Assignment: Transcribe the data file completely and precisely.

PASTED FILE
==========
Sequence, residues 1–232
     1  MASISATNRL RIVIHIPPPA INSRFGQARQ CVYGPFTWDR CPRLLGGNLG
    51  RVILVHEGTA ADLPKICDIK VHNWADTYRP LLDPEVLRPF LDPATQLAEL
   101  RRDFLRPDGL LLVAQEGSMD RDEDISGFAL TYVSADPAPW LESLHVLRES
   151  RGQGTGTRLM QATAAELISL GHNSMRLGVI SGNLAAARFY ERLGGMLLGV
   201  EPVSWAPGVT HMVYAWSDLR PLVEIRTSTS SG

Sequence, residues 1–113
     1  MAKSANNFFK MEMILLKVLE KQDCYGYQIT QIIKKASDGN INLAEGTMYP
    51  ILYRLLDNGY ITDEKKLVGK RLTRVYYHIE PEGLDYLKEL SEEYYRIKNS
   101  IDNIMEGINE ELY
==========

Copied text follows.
Sequence, residues 1–232
     1  MASISATNRL RIVIHIPPPA INSRFGQARQ CVYGPFTWDR CPRLLGGNLG
    51  RVILVHEGTA ADLPKICDIK VHNWADTYRP LLDPEVLRPF LDPATQLAEL
   101  RRDFLRPDGL LLVAQEGSMD RDEDISGFAL TYVSADPAPW LESLHVLRES
   151  RGQGTGTRLM QATAAELISL GHNSMRLGVI SGNLAAARFY ERLGGMLLGV
   201  EPVSWAPGVT HMVYAWSDLR PLVEIRTSTS SG

Sequence, residues 1–113
     1  MAKSANNFFK MEMILLKVLE KQDCYGYQIT QIIKKASDGN INLAEGTMYP
    51  ILYRLLDNGY ITDEKKLVGK RLTRVYYHIE PEGLDYLKEL SEEYYRIKNS
   101  IDNIMEGINE ELY